Super Tuesday – Media and Politics

super tuesday republican

The Republican Primary is in full swing and November is just around the corner. I can’t help but comment on the media itself. There are plenty of people criticizing the media, so I felt the need to join on board. And it’s pretty obvious the Republican candidates are on board too, look at everything Gingrich has to say, for example. It’s an important piece of any campaign. That’s no new news.

But let’s analyze this for a second. How often do you actually hear each of the issues that are important to you and where each candidate stands on that issue? How often do you hear “noise?” How often do you hear someone maneuvering his way to gain a few more points in the polls? Do you hear more about where the polls moved or what the candidate has said about his or her agenda? The media covers the race as if it were a contest, not which candidate stands where on each issue. Sure, you hear what some people’s ideas are and what they stand for. But how much “content” do you actually get out of it all?

And why wouldn’t it get promoted like a race? What’s more compelling: (A) a fight to the finish in a race against two rivals or (B) a list of ideas? Example: Rep. Cantor endorses Romney. The next question shouldn’t be, “What will that do for Romney’s campaign? And what will Obama do about it? How much of a jump in the polls will get from that?” Instead, it should be, “So what ideas do you support from Romney and why do you support him over another candidate?” Although that may sound a little hypocritical for me to ask someone else’s editorial, there is method to that hypocrisy…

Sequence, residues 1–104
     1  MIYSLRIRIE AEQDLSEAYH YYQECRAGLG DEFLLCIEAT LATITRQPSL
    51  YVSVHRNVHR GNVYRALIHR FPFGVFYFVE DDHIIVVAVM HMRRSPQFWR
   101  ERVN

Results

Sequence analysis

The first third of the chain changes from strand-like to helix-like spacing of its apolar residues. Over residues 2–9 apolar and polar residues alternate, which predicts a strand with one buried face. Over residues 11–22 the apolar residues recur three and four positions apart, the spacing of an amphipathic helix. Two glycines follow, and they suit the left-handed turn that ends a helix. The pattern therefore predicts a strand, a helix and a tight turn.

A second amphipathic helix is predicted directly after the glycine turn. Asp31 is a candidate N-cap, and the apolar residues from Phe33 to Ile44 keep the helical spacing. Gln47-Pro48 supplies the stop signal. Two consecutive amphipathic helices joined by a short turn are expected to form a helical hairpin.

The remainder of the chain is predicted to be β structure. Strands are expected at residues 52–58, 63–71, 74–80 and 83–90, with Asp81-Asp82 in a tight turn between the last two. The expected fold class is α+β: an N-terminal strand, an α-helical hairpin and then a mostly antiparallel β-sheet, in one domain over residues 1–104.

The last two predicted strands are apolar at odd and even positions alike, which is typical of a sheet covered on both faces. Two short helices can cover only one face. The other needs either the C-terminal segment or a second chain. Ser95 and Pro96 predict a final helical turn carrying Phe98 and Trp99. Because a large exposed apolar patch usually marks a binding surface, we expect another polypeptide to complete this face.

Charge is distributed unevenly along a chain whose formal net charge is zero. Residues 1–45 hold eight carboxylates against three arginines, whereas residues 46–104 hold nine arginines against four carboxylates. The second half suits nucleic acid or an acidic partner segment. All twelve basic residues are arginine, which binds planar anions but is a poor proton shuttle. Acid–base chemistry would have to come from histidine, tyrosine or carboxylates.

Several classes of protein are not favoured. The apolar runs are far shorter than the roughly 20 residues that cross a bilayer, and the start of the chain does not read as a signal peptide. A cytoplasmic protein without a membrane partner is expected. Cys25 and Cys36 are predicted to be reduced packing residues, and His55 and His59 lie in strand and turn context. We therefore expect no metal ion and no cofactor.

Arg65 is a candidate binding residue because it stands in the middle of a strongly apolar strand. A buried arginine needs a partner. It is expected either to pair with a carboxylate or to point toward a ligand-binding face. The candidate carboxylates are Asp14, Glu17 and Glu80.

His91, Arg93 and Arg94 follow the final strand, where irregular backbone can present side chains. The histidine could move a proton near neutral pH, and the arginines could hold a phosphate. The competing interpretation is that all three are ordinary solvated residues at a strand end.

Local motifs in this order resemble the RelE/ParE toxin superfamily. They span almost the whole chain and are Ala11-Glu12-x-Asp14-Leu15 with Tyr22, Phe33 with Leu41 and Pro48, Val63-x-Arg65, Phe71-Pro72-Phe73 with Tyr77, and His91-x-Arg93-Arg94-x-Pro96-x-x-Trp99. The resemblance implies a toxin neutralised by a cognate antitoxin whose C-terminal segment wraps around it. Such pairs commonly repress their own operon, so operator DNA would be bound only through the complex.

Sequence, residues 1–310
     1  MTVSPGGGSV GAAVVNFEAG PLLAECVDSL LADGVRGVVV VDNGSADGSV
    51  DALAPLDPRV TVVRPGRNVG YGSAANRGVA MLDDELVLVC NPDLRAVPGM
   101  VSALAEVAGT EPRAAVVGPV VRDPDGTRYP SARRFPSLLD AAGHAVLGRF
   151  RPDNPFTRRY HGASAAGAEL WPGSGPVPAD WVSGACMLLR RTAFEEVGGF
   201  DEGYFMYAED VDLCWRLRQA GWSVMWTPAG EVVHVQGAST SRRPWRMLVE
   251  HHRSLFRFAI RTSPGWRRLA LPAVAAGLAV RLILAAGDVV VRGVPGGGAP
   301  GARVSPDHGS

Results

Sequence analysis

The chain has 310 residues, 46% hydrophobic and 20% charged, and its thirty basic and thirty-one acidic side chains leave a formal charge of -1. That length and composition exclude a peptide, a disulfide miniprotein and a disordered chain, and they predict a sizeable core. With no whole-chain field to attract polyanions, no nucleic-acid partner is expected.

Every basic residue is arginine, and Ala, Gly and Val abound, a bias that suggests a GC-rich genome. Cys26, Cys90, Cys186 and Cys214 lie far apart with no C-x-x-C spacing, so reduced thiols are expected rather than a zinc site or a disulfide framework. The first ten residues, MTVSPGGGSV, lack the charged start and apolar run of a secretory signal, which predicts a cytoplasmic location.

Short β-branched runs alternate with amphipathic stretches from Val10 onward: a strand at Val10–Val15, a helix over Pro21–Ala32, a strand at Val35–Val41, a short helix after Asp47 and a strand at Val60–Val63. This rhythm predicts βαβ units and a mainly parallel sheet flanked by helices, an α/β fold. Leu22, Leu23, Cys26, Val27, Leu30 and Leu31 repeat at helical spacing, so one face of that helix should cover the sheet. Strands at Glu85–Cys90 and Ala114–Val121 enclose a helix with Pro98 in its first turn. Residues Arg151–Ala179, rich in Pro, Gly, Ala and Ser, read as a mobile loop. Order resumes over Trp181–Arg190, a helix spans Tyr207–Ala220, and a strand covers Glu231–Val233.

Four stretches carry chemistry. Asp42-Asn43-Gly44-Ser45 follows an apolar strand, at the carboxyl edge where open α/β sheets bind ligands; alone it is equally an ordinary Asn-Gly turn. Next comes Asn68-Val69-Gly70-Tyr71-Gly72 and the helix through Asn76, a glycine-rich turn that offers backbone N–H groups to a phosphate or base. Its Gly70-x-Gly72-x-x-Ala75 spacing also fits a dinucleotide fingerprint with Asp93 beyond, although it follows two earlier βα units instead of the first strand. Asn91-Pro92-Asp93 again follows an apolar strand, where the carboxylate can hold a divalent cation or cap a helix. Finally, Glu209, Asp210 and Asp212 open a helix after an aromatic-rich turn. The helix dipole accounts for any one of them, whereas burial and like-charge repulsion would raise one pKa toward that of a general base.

So what’s my suggestion for people who realize this? The sort answer: do your own research and pick your candidate. The long answer (keep in mind I can be overly analytical and sometimes use Microsoft Excel too much. So forgive me): What I’d do is first make a list of the important topics that each candidate stands for. Whether it’s a religious piece, a policy piece, an economic stance, foreign policy, whatever…Put it on a list. Second, prioritize that list. Finally, the hardest part, and this is where the hypocrisy comes in: make your own probability that they will accomplish their goal and/or stand up for their belief. That’s the hardest part because, let’s face it, how else are you going to believe someone is going to accomplish this goal if you don’t hear it from a news source? Try to stay away from the editorial commenting from the media and look at the source. And another note, it’s especially hard to see through the “word dance” of a politician or pundit and their twisting of words. Pay special attention to facts. I’d even check them out at politifact.com. It’s pretty obvious from here. Figure out which candidate is most probable to get your list done and which is most important to you. The candidate with the most likely favorable outcome wins your vote. I don’t care if he’s been married 5 times, or he believes monkeys can fly, so long as I think he’ll get the job done. So maybe my analysis isn’t meant for everyone, and it’s clearly very subjective. But at least it helps cut through the noise a little.

As for the media coverage…it is called a “race” after all, isn’t it? And the media makes money off you consuming its information. So call it what it is: entertainment. Just be careful not to let your entertainment guide you to picking the wrong candidate. Good luck in November everyone…

 

This is a guest post from a close friend of ours. Politics isn’t something we normally cover here on acslater.com, but if we feel there’s something to be said, or someone wants to say something, we’re more than happy to be an outlet for that.